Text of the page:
President Donald Trump is eager to crow about the economic weapon he wielded against Mexico to win concessions on immigration: “Tariffs are a great negotiating tool,” he declared Tuesday.
Now, Trump says, it’s China’s turn to cower. Yet to visit China these days is to encounter the limits of his punch-them-in-the-nose strategy. Even as Trump threatens to raise import duties to painful levels, 10 days of meetings with Chinese officials, academics, entrepreneurs and venture capitalists revealed a nation rewriting its relationship with the U.S. and preparing to ride out a trade war.
Trump is seeking to increase pressure on Xi Jinping, his Chinese counterpart, before this month’s G-20 summit, but Trump may already have pushed too far. Last month, Xi exhorted his countrymen to a second Long March, an echo of Mao’s seminal strategy to preserve the communist revolution. What Xi didn’t say was that the new march — this time in the service of China’s own model of capitalism — is already underway.
“This is definitely an inflection point,’’ said Tom Liu, chief executive officer of Shanghai-based data company ChinaScope Financial Ltd. ”People are seeing an indefinite trade shock.’’ And they are planning for it.
At Huawei Technologies Co., the telecom giant at the center of the clash, preparations are already on. The U.S. last month labeled Huawei a threat to U.S. national security and placed the company on an export blacklist cutting it off from suppliers such as Alphabet Inc.’s Google and Intel Corp. Trump has since then dangled the possibility of a resolution to Huawei’s woes being part of a larger trade deal. But Huawei executives say they have had no contact with U.S. authorities and rather than count on a settlement they are shifting supply chains and making other preparations for a prolonged fight.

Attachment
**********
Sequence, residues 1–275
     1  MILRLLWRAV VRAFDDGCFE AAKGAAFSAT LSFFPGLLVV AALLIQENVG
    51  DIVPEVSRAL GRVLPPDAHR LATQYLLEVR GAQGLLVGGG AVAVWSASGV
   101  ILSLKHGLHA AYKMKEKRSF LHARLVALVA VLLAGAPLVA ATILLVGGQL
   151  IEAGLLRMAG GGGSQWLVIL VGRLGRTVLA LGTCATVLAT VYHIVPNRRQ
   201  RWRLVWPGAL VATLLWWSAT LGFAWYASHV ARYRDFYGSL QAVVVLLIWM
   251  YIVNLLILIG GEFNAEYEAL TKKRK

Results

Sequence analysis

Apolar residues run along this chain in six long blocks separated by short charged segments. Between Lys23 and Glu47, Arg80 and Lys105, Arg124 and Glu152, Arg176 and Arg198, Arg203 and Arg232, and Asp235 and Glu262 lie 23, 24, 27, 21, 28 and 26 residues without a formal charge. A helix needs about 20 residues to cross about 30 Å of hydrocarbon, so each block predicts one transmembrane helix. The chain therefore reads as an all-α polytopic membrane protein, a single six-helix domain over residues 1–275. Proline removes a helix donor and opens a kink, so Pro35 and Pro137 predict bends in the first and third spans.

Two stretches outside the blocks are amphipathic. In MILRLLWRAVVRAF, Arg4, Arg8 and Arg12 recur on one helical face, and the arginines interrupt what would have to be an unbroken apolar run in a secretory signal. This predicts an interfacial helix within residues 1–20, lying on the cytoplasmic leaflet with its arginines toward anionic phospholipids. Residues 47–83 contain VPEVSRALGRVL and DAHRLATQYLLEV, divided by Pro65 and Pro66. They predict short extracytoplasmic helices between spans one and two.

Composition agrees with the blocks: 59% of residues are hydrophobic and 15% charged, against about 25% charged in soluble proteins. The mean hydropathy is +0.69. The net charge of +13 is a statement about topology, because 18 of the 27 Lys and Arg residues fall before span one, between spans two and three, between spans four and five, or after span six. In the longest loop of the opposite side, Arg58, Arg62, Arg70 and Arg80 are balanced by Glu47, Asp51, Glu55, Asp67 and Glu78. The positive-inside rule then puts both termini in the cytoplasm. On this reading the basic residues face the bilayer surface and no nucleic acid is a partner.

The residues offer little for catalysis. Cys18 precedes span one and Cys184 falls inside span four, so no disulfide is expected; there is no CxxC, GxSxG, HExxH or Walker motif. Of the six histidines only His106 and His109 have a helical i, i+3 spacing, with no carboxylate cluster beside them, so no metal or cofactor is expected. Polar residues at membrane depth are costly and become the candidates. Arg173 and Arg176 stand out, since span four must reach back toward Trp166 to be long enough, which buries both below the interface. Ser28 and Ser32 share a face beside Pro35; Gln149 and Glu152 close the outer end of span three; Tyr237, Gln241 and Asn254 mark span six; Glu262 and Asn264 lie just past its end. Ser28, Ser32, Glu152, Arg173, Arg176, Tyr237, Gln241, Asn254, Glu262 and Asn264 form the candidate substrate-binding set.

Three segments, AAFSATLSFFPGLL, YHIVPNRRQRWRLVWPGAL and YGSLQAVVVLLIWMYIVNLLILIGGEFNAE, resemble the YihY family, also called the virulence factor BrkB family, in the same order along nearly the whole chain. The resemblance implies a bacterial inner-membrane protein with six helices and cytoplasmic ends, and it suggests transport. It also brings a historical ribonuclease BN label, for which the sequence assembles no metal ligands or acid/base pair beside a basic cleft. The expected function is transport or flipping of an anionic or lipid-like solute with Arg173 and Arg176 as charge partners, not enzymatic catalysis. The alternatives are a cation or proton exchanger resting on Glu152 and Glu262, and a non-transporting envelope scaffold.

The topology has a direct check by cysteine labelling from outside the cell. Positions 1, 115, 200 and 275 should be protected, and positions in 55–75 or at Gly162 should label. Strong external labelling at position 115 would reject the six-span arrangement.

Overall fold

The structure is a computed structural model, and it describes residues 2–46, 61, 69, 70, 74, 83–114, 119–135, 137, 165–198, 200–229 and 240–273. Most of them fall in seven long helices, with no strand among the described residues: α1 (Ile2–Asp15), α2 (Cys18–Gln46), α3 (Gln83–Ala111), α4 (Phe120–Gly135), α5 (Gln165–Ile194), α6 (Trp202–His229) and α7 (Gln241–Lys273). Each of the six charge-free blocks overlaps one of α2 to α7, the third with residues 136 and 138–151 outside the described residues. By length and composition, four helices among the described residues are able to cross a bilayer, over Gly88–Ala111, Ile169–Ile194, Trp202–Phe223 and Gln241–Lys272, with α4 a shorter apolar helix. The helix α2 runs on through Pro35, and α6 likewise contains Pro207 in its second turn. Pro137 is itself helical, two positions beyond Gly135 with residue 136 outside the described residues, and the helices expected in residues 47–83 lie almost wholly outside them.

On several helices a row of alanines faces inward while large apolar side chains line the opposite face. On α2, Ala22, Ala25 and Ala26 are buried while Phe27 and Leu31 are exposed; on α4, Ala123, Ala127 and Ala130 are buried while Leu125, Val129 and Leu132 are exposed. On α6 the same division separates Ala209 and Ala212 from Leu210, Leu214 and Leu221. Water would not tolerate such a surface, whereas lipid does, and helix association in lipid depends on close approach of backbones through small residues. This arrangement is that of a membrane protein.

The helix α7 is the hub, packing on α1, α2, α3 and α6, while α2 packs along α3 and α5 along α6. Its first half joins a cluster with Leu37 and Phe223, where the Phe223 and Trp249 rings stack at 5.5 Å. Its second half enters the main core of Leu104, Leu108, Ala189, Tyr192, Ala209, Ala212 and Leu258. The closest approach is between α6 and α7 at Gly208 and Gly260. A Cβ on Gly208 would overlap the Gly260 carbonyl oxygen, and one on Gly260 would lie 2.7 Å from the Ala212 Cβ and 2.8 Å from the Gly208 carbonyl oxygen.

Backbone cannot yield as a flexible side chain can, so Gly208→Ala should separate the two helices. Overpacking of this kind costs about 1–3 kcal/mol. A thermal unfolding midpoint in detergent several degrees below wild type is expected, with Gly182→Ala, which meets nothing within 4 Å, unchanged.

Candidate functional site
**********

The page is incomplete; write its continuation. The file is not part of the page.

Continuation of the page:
“We have full confidence in our own survival,’’ Liang Hua, Huawei’s chairman, told American journalists visiting during a trip organized by the U.S.-China Exchange Foundation, a Hong Kong non-profit run by the territory’s former chief executive. Liang outlined more than a decade of planning to replace U.S. suppliers.
Informing part of the decision to move on is the Chinese view of Trump as an erratic partner after four months of negotiations over a broad trade agreement broke down in May. U.S. officials blamed China for reneging on commitments; the Chinese blamed Trump’s ever-changing demands. That view has been bolstered by Trump’s retreat last week on his threat of tariffs as high as 25% on Mexico — even after negotiating an updated North American Free Trade Agreement that enshrined tariff-free trade.
On either side of the Pacific, there are fundamentally different conceptions of who has leverage.
Trump often touts what he sees as the U.S.’s structural advantage. Because the U.S. imports more from China each year than vice versa, he has more trade to target. When he increased tariffs to 25% from 10% on some $200 billion in goods last month, China raised duties on $60 billion in U.S. goods. If Trump imposes tariffs on all remaining China trade — some $300 billion in goods — Beijing won’t be able to match the raw amount.
China’s most consequential tactics are aimed at spurring innovation and shoring up its economy: state support the U.S. is demanding it unwind.
Yi Gang, the governor of the People’s Bank of China, last week pointed to a range of tools that Beijing could use to mitigate harm to the world’s second-largest economy, from interest-rate policy to letting the currency weaken. “The room for adjustment is tremendous,” he said.
China has already deployed a stimulus program that bolstered growth. It’s also taking administrative measures to help tech companies like Huawei.